Will baby’s sex affect the immune system of the mother? A new research explores the connection between the fetal sex and the immune response of the mother to disease.
A team of researchers from Ohio State University’s Wexner Medical Center set out to investigate whether or not there is any link between the baby’s sex and the immunity of the mother.
The team was led by Amanda Mitchell, a postdoctoral researcher at the Wexner Institute for Research in Behavioral Medicine.
Both anecdotal data and experimental studies (referenced by the authors) prompted the study, indicating that the sex of the fetus affects many physiological responses within the mother. Glycemic regulation, blood pressure, and levels of cortisol have all been shown to vary depending on the fetal sex.
For the new research, Mitchell and team examined 80 women in their early, middle, and late pregnancy phases. Among those future mothers, 46 were male pregnant, and 34 were female pregnant. Researchers exposed bacteria to their immune cells to see whether they reacted differently depending on the sex of the fetus.
The new results have been published in Brain, Behaviour, and Immunity journal.
Female fetus raises pro-inflammatory cytokine levels
In particular, Mitchell and her collaborators have investigated cytokine levels in pregnant women. Cytokines signal molecules that regulate immunity and inflammation.
These are often referred to as emergency molecules because the body releases them to fight off disease, and these help cells interact with each other while inflammation is present in the body. Cytokines are a part of the body’s normal immune response, but when released persistently, they can cause disease. This is similar to how inflammation is a key component of the immune response, but too much of it can cause pain and fatigue.
The research analyzed cytokine levels in both the blood and the laboratory sample that had been exposed to bacteria.
The results indicate women who are pregnant with girls can experience more serious symptoms of certain diseases.
“While women did not display variations in blood cytokine levels based on fetal sex, when exposed to bacteria we observed that the immune cells of women carrying female fetuses developed more pro-inflammatory cytokines. This means women carrying female fetuses had an increased inflammatory response when their immune system was tested, compared with women carrying male fetuses.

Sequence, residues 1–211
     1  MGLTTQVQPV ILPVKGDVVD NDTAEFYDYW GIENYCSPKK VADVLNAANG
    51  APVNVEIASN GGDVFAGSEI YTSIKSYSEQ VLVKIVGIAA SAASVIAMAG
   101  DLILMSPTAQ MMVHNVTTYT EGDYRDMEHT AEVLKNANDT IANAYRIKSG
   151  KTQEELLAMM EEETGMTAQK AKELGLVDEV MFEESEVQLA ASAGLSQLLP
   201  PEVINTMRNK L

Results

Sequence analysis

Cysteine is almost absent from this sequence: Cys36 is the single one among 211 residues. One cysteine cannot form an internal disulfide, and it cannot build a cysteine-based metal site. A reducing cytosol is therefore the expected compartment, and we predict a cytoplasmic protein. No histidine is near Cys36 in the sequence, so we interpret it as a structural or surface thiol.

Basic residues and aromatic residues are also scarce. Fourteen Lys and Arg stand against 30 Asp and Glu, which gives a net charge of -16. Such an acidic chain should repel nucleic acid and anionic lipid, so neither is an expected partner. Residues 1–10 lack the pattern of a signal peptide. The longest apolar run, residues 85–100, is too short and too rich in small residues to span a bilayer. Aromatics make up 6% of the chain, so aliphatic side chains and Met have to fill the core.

The increased inflammation observed in this study may explain why pregnant women with female fetuses continue to experience more serious symptoms of pre-existing medical conditions. Examples provided by the investigators include asthma and allergies, all of which tend to be intensified when carrying a female fetus compared to a man.
The lead investigator of the study explains what the results mean:
This research helps women and their obstetricians recognize that fetal sex is one factor that may impact how a woman’s body responds to everyday immune challenges and can lead to further research into how differences in immune function may affect how a woman responds to different viruses, infections, or chronic health conditions (such as asthma), including whether these responses affect the health of the fetus.”
Further research is needed to understand precisely how the inflammation affects pregnancy. Mitchell speculates that the inflammation levels may be caused by sex hormones, or other hormones present in the placenta.
“It’s important to think about maintaining a healthy immune system, which doesn’t automatically mean improving it – getting too little or too great an immune response is problematic,” Mitchell says. “That being said, research has shown that exercise helps good immune functioning, as does eating other foods, such as leafy greens, and relaxing through meditation practices. Before making any changes to your routine or diet, Of course, it is always important to check with your healthcare provider before making any changes to your routine or diet,” she notes.
In addition, the authors point out that more research is required on the relationship between fetal sex and other pre-existing medical conditions in the mother (such as preeclampsia), as well as negative consequences of pregnancy (such as premature birth).